IntroductionHepatitis C virus (HCV) causes mixed cryoglobulinemia (MC) by driving clonal expansion of B cells expressing B cell receptors (BCRs), often encoded by the VH1-69 variable gene, endowed with both rheumatoid factor (RF) and anti-HCV specificity. These cells display an atypical CD21low phenotype and functional exhaustion evidenced by unresponsiveness to BCR and Toll-like receptor 9 (TLR9) stimuli. Although antiviral therapy is effective on MC vasculitis, pathogenic B cell clones persist long thereafter and can cause virus-independent disease relapses. MethodsClonal B cells from patients with HCV-associated type 2 MC or healthy donors were stimulated with CpG or heath-aggregated IgG (as surrogate immune complexes) alone or in combination; proliferation and differentiation were then evaluated by flow cytometry. Phosphorylation of AKT and of the p65 NF-kB subunit were measured by flow cytometry. TLR9 was quantified by qPCR and by intracellular flow cytometry, and MyD88 isoforms were analyzed using RT-PCR. DiscussionWe found that dual triggering with autoantigen and CpG restored the capacity of exhausted VH1-69pos B cells to proliferate. The signaling mechanism for this BCR/TLR9 crosstalk remains elusive, since TLR9 mRNA and protein as well as MyD88 mRNA were normally expressed and CpG-induced phosphorylation of p65 NF-kB was intact in MC clonal B cells, whereas BCR-induced p65 NF-kB phosphorylation was impaired and PI3K/Akt signaling was intact. Our findings indicate that autoantigen and CpG of microbial or cellular origin may unite to foster persistence of pathogenic RF B cells in HCV-cured MC patients. BCR/TLR9 crosstalk might represent a more general mechanism enhancing systemic autoimmunity by the rescue of exhausted autoreactive CD21low B cells.

Dual stimulation by autoantigen and CpG fosters the proliferation of exhausted rheumatoid factor-specific CD21low B cells in hepatitis C virus-cured mixed cryoglobulinemia

Gragnani, Laura;
2023-01-01

Abstract

IntroductionHepatitis C virus (HCV) causes mixed cryoglobulinemia (MC) by driving clonal expansion of B cells expressing B cell receptors (BCRs), often encoded by the VH1-69 variable gene, endowed with both rheumatoid factor (RF) and anti-HCV specificity. These cells display an atypical CD21low phenotype and functional exhaustion evidenced by unresponsiveness to BCR and Toll-like receptor 9 (TLR9) stimuli. Although antiviral therapy is effective on MC vasculitis, pathogenic B cell clones persist long thereafter and can cause virus-independent disease relapses. MethodsClonal B cells from patients with HCV-associated type 2 MC or healthy donors were stimulated with CpG or heath-aggregated IgG (as surrogate immune complexes) alone or in combination; proliferation and differentiation were then evaluated by flow cytometry. Phosphorylation of AKT and of the p65 NF-kB subunit were measured by flow cytometry. TLR9 was quantified by qPCR and by intracellular flow cytometry, and MyD88 isoforms were analyzed using RT-PCR. DiscussionWe found that dual triggering with autoantigen and CpG restored the capacity of exhausted VH1-69pos B cells to proliferate. The signaling mechanism for this BCR/TLR9 crosstalk remains elusive, since TLR9 mRNA and protein as well as MyD88 mRNA were normally expressed and CpG-induced phosphorylation of p65 NF-kB was intact in MC clonal B cells, whereas BCR-induced p65 NF-kB phosphorylation was impaired and PI3K/Akt signaling was intact. Our findings indicate that autoantigen and CpG of microbial or cellular origin may unite to foster persistence of pathogenic RF B cells in HCV-cured MC patients. BCR/TLR9 crosstalk might represent a more general mechanism enhancing systemic autoimmunity by the rescue of exhausted autoreactive CD21low B cells.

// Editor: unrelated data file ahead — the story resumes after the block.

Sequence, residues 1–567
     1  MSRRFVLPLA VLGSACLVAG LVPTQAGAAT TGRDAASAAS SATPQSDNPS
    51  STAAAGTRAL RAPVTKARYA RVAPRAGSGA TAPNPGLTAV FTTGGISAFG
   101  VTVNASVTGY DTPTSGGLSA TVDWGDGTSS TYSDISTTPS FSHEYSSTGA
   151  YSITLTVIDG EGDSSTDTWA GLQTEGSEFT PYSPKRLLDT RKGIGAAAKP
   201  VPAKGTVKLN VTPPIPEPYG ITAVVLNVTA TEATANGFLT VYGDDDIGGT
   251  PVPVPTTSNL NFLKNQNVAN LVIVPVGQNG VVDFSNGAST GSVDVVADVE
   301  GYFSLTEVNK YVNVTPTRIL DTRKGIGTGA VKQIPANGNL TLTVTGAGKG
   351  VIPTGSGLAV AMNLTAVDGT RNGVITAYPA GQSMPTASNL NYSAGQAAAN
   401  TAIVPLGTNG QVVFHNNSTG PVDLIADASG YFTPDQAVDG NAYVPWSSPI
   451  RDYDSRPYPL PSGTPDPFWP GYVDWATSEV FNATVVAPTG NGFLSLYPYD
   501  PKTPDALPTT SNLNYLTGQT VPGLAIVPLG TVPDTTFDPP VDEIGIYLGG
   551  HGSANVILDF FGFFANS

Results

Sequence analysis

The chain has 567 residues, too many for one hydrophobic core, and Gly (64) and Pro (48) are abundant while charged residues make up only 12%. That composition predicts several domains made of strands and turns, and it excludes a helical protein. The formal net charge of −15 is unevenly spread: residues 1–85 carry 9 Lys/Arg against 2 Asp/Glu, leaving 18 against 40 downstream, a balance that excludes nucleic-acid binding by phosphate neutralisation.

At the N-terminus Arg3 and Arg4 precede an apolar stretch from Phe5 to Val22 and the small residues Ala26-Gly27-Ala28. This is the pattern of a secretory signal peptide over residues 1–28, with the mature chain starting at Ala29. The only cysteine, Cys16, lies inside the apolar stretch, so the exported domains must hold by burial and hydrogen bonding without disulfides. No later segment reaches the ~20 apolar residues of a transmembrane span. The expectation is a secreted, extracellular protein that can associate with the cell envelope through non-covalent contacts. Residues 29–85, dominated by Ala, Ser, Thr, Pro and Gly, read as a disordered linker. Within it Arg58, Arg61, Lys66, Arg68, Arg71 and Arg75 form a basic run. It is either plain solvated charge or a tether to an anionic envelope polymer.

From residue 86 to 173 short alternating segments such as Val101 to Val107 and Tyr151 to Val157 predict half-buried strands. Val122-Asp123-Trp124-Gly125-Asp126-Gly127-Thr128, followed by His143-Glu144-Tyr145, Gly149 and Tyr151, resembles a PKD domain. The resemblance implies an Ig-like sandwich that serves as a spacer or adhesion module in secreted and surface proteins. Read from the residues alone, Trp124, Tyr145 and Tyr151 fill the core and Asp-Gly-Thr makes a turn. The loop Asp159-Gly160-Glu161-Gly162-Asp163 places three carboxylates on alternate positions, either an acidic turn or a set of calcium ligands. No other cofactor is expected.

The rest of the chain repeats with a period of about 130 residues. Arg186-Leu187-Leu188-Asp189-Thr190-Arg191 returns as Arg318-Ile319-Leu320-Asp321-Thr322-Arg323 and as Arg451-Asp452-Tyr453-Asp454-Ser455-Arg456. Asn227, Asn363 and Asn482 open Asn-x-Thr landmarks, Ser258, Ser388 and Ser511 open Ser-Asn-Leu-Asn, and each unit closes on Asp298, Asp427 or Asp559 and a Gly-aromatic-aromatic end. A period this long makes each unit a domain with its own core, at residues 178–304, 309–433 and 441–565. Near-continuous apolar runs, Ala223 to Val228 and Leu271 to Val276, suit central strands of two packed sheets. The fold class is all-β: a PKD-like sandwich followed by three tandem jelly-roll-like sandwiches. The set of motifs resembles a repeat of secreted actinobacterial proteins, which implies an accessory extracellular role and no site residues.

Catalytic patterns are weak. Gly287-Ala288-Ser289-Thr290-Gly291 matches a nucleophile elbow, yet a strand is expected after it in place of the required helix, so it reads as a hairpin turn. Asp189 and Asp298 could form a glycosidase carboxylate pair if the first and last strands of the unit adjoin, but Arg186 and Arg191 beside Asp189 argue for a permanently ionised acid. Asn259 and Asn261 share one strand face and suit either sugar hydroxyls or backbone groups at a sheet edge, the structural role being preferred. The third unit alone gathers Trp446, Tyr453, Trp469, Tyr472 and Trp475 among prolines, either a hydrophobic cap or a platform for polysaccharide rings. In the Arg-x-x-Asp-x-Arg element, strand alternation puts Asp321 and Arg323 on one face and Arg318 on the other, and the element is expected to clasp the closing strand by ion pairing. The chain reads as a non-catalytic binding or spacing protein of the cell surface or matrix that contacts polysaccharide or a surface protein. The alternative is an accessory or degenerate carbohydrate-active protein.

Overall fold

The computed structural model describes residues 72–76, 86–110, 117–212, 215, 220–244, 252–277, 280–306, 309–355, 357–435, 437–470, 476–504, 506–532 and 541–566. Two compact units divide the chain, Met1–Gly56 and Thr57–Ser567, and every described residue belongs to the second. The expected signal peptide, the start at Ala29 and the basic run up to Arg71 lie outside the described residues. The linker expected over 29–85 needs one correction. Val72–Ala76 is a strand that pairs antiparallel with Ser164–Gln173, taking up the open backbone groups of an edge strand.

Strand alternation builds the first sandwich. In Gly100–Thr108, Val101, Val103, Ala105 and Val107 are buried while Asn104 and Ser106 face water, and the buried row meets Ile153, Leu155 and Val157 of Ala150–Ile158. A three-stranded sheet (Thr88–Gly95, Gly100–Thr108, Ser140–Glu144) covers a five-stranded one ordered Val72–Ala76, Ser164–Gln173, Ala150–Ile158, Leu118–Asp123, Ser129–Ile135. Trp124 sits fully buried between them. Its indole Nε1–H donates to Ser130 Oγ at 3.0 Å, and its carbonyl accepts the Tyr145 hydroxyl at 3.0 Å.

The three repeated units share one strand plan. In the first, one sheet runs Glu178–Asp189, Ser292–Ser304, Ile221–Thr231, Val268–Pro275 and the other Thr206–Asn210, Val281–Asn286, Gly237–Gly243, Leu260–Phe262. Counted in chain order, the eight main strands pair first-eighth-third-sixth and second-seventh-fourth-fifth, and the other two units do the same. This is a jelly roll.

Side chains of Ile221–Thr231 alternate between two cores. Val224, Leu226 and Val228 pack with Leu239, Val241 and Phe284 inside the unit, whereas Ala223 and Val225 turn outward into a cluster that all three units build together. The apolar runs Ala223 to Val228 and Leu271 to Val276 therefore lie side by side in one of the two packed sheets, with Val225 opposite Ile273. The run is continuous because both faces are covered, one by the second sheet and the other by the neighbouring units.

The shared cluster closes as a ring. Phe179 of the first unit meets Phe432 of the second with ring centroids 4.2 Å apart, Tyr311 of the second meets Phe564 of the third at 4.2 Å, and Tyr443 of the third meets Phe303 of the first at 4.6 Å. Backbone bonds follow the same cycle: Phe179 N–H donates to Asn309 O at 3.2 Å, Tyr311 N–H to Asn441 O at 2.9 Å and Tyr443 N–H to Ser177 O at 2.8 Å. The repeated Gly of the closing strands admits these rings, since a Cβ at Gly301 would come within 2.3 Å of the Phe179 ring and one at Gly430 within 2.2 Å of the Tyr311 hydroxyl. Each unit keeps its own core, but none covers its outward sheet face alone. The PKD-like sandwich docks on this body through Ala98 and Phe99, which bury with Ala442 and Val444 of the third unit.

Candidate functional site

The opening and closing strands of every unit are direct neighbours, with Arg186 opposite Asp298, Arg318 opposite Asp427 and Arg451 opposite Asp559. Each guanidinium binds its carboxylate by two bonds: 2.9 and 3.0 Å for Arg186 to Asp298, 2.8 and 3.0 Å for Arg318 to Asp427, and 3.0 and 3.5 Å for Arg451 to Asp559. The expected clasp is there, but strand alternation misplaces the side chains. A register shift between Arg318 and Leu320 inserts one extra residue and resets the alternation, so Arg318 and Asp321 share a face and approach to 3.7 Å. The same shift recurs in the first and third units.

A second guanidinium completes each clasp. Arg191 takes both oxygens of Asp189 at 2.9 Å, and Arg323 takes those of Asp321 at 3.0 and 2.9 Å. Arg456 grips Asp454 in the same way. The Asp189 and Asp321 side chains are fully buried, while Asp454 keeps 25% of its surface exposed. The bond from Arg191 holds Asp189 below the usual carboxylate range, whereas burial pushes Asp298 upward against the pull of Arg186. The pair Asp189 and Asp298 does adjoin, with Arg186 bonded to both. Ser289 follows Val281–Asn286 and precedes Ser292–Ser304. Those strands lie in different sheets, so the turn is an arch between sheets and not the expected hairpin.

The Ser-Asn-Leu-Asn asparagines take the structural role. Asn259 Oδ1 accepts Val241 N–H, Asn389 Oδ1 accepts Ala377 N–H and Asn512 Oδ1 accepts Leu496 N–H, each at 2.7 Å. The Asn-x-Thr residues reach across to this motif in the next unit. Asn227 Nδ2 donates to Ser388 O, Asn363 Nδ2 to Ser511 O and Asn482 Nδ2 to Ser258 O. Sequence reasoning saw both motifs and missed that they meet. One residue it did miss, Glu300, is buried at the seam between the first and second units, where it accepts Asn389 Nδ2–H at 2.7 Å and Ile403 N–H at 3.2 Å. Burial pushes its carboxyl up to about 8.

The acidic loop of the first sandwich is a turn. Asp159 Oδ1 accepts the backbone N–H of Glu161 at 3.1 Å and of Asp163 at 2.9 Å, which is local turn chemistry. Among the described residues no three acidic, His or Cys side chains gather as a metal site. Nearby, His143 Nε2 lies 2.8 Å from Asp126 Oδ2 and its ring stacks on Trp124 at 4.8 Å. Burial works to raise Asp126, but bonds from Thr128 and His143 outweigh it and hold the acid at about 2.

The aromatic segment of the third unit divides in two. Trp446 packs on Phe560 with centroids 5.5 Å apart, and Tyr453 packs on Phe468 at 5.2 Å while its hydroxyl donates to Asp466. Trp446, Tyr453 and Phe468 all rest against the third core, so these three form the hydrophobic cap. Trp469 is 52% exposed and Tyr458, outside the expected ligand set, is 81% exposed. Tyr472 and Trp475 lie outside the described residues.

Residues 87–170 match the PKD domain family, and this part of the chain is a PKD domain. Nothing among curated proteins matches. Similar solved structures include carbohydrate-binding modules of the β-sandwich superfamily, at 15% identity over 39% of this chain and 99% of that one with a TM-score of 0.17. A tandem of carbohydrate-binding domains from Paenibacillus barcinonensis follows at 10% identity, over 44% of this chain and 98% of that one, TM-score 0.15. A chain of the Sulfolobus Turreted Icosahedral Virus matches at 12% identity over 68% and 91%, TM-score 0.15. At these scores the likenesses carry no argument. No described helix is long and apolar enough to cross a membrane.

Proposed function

2023
Del Padre, Martina; Marrapodi, Ramona; Minafò, Ylenia A; Piano Mortari, Eva; Radicchio, Giovanna; Bocci, Chiara; Gragnani, Laura; Camponeschi, Alessan...espandi
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Utilizza questo identificativo per citare o creare un link a questo documento: https://hdl.handle.net/11568/1172550
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